Critical Context (Masterplots II: African American Literature)
There Is a Tree More Ancient Than Eden is the first novel of three that Forrest devoted to the Witherspoon family saga. The Bloodworth Orphans (1977) and Two Wings to Veil My Face (1983) contain many of the same characters introduced in the first novel. Critics have generally praised this ambitious undertaking and lauded Forrest for his innovative use of poetic language and image. They recognize that the experimental nature of these novels is primarily focused on creating a verbal music that leads to a deeper understanding of the collective consciousness of the black race. The oral testimony of the books comes from both religious and secular sources. The expressive force of the narratives has been compared to jazz in its creative reworking of common meters. At the core of each novel lies Nathaniel Witherspoon’s search for a new spiritual identity.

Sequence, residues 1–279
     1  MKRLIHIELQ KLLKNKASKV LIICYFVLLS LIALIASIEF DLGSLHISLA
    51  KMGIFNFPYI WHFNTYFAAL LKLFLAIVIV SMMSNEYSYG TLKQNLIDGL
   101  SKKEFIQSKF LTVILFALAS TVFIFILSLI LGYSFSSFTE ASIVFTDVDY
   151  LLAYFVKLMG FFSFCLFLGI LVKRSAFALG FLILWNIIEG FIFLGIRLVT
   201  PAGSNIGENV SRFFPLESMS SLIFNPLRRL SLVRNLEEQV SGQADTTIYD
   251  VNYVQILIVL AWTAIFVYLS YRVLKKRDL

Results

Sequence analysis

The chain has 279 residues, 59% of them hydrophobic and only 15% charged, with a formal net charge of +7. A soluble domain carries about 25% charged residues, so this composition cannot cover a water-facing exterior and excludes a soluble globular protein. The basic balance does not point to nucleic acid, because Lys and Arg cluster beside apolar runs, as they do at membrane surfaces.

Many critics suggest that Forrest was influenced by white writers such as James Joyce and William Faulkner and black writers such as Jean Toomer and Ralph Ellison. Forrest’s creation of Forest County, a mythical landscape, is suggestive of Faulkner, while his expressive language and imagery connect with Ellison. Other critics also recognize the influence of Carl Jung’s psychological theories of the collective unconscious and archetypal images. Many of the images of the novel have a biblical cast to them, suggesting a deep spiritual battle waged within the text concerning the...
(The entire section is 414 words.)